Anxiety is a state of mind that prepares the body to avoid threats, whether mental or physical. It’s meant to serve as a mechanism of protection – by increasing vigilance, the animal proactively avoids harm. When this level of arousal exceeds what’s necessary for the situation, it becomes a debilitating impediment. A once defensive mechanism, can become a vulnerability, a disorder – in this state, we succumb to excessive worry leading to deranged coping skills.
The first step to overcoming anxiety is to understand exactly what is causing your stress. Put simply, unless we have awareness over the stress-inducing aspects of our life, we can neither control, nor overcome them.
There are two types of anxiety-driven states:
One is the threat to our survival – enduring illness, experiencing the sickness or death of a loved one, losing a job, getting a divorce. The level of stress induced from these triggers directly correlates to how directly our survival is threatened. This reaction is elicited by our fear of loss. You have to endure the initial phase of grief, work to regain strength, and then reflect on the situation to walk away with a lesson learned. Mourning periods are a vital part of our culture – allowing us time to regain our courage in the face of catastrophe.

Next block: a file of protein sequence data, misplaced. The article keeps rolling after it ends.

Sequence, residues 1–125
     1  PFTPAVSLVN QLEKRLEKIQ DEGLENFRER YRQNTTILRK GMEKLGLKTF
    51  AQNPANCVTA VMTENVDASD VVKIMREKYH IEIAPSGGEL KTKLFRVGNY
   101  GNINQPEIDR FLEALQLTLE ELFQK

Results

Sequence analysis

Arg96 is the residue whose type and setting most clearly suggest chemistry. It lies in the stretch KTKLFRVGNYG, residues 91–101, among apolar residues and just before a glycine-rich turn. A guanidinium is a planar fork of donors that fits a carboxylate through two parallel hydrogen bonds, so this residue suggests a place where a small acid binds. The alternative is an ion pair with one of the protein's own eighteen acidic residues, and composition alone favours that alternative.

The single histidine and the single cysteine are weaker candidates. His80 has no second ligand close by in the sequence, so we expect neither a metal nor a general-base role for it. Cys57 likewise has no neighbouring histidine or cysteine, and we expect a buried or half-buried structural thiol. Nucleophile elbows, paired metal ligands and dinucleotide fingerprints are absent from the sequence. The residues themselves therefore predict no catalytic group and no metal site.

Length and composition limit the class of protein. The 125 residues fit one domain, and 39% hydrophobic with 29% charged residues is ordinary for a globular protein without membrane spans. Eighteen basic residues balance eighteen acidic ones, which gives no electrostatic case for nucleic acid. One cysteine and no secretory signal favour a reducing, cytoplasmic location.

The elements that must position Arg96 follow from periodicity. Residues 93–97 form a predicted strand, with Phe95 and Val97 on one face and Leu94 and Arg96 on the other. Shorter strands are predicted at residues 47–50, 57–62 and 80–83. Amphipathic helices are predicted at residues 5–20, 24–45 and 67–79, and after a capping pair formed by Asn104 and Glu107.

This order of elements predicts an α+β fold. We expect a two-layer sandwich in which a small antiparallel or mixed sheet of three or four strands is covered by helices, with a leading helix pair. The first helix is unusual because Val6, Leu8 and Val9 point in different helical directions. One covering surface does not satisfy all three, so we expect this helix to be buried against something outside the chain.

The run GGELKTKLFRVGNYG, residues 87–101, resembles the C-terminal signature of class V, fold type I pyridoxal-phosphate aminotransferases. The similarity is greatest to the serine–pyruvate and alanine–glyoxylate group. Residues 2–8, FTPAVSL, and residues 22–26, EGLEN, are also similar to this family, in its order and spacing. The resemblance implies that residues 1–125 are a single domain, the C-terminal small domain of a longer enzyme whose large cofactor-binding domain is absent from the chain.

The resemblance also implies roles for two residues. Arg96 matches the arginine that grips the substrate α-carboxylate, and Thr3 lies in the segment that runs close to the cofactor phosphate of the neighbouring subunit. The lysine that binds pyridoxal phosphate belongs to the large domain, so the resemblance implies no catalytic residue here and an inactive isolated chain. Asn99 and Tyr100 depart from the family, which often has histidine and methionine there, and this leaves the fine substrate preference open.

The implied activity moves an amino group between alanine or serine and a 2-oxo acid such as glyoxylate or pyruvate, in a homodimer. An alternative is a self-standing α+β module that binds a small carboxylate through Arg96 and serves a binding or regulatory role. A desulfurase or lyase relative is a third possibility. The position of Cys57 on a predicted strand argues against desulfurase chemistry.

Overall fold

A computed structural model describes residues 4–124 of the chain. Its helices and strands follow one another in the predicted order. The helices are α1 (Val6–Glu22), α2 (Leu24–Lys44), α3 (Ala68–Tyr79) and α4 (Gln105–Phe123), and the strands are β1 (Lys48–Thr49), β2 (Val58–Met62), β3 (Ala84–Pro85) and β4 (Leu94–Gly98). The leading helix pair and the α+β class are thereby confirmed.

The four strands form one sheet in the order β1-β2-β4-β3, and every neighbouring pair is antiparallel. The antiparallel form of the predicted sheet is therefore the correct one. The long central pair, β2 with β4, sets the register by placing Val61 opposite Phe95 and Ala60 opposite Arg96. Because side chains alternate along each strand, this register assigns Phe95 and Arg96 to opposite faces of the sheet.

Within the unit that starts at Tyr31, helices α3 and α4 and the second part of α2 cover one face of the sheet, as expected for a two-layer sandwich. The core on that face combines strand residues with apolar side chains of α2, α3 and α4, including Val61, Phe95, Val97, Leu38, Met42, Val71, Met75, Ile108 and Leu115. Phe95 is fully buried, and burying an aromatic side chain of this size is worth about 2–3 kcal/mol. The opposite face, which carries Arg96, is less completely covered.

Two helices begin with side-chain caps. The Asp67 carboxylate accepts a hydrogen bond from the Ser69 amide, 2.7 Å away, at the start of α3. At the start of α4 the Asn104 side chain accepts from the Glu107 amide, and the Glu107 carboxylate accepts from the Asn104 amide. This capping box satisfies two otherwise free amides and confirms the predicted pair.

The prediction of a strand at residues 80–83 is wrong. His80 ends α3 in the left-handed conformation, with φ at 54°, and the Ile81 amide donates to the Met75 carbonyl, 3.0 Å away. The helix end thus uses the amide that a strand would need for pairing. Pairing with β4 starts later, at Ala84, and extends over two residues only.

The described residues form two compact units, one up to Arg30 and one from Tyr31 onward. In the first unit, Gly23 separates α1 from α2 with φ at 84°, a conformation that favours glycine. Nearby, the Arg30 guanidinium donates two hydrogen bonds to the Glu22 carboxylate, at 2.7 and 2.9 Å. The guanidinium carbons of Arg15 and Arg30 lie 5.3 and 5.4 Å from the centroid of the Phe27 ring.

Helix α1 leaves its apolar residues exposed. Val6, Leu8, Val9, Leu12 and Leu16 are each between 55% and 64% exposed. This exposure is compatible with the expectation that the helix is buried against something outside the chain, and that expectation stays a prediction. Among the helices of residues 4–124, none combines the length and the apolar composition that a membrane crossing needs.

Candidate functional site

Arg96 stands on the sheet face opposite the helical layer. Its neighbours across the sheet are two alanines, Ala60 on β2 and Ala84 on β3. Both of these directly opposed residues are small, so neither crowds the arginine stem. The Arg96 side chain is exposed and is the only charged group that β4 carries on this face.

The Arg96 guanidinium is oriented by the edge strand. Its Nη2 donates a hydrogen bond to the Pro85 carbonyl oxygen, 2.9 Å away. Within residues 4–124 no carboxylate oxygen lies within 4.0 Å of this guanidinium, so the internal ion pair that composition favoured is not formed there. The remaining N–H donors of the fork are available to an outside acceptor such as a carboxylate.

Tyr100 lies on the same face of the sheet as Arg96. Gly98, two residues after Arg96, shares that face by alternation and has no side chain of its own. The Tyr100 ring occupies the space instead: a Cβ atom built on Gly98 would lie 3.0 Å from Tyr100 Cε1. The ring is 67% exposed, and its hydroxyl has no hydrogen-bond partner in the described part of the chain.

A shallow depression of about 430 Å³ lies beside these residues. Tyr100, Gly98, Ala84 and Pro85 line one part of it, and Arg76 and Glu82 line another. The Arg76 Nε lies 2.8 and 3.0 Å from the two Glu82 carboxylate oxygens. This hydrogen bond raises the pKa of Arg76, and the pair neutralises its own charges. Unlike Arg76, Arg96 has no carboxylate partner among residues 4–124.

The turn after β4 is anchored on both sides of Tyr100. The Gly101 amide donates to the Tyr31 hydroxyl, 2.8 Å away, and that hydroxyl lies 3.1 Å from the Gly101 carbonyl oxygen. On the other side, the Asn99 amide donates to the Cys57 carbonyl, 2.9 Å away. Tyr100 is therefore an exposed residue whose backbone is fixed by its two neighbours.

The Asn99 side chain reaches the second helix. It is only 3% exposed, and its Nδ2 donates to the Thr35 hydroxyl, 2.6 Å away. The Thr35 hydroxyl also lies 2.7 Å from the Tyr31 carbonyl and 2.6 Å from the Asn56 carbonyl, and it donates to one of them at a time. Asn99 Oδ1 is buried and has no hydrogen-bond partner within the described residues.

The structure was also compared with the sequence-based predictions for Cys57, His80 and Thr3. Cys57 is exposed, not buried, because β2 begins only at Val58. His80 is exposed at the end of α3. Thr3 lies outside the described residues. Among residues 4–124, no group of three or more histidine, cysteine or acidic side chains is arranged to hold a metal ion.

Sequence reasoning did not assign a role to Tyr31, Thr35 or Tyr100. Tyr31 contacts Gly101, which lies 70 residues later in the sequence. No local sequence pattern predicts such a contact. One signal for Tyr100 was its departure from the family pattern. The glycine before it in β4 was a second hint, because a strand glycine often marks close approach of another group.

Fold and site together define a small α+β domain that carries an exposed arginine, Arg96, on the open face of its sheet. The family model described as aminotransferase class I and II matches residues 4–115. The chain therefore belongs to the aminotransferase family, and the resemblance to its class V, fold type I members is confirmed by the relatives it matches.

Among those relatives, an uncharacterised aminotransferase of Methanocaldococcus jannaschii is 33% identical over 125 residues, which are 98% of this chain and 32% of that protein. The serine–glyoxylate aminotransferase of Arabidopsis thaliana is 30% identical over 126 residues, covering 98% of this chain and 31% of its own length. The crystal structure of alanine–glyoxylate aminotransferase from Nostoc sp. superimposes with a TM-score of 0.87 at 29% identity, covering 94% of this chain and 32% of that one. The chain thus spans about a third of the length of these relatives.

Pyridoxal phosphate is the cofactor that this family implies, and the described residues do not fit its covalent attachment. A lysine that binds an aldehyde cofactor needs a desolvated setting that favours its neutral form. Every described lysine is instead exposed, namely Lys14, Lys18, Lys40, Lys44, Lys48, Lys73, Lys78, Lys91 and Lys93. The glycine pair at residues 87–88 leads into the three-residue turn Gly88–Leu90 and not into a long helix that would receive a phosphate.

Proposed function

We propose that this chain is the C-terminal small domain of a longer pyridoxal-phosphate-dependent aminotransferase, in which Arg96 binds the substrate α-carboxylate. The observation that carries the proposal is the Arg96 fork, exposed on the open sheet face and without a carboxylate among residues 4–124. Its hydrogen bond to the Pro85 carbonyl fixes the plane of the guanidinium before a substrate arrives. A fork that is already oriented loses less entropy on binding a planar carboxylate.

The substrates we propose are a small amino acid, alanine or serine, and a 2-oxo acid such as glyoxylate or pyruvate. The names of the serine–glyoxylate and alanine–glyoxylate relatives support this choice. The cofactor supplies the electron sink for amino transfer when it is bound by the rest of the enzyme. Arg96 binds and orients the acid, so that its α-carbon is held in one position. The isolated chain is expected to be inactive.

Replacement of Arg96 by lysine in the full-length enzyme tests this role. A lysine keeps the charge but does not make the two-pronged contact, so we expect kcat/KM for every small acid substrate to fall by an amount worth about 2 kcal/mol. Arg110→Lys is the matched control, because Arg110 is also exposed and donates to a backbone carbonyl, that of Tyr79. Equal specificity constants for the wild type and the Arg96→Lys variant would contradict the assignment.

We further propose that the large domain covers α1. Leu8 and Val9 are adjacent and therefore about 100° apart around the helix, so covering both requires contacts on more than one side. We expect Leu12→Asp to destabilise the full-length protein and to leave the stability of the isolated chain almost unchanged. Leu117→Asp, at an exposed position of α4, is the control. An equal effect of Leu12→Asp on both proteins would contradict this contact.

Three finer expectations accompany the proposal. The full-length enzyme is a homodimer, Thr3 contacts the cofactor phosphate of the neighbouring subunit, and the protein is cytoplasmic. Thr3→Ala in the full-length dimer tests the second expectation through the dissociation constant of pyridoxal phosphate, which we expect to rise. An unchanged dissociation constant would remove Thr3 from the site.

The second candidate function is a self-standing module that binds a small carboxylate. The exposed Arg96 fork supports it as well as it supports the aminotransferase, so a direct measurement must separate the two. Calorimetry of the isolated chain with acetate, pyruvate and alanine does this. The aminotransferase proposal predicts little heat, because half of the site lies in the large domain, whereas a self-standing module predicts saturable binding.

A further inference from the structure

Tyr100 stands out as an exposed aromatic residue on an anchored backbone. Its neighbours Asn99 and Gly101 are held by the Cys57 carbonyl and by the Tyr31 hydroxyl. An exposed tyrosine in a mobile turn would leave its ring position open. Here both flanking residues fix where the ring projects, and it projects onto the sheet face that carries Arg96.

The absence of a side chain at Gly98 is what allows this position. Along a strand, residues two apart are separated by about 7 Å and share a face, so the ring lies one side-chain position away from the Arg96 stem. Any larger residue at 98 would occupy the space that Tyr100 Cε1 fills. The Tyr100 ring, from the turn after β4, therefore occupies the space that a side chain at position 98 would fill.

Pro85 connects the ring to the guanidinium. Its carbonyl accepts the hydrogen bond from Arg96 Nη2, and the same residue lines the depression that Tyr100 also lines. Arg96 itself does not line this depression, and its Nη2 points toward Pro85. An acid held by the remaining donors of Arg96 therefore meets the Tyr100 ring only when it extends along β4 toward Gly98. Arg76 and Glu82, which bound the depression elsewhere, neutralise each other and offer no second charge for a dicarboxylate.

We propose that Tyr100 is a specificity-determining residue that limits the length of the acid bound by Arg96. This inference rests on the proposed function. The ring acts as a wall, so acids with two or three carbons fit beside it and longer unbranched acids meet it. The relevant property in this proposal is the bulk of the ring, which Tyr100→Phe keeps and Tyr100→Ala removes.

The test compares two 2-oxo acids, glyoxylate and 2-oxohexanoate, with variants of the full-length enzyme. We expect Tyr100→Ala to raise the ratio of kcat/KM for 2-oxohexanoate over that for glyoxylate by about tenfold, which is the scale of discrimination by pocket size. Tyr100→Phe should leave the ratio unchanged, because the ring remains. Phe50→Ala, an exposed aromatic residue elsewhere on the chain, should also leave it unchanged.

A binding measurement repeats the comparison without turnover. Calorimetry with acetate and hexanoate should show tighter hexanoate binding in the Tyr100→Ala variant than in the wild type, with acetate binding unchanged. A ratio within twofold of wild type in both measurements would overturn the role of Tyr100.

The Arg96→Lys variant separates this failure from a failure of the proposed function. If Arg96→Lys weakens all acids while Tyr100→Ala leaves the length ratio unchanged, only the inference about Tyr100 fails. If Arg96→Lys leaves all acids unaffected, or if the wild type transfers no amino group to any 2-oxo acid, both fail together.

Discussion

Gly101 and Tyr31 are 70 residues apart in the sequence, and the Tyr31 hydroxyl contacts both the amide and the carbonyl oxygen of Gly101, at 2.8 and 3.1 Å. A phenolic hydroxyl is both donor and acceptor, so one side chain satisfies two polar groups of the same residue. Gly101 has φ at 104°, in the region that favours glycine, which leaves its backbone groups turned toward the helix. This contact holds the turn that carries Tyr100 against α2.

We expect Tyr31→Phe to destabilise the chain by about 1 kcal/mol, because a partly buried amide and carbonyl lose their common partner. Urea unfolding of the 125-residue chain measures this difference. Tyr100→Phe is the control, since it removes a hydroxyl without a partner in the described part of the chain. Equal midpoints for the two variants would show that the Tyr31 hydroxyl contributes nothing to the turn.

The second anxiety is triggered by perceived threat. These triggers tend to be situations that in no way impact our survival, yet our physiological reactions mirror that of imminent danger. These include such inducers as meeting new people, work deadlines, unmet expectations at home. Our minds misperceive these tasks as predator threats comparable to that experienced while hunting in unchartered territory during our primitive days. During public speaking, for instance, our mind concludes that the audience is judging our ability to deliver a perfect product. It is only our unrealistic expectations that cause stress in these non-threatening situations.
Unless we have awareness over the stress-inducing aspects of our life, we can neither control, nor overcome them.
Despite our evolution from hunter-gatherer states to civilized societies, our mind sometimes fails to discriminate a non-threatening situation from that of a survival predator.
We can overcome these anxious reactions by familiarizing our minds with these foreign, intimidating situations. We can turn unfamiliarity (one of the leading triggers of anxiety), into a habitual act, easing the stress during these activities.
The key to alleviating anxiety is recognizing which of these two states it falls – is it life threatening? If not, teach your mind to respond accordingly.
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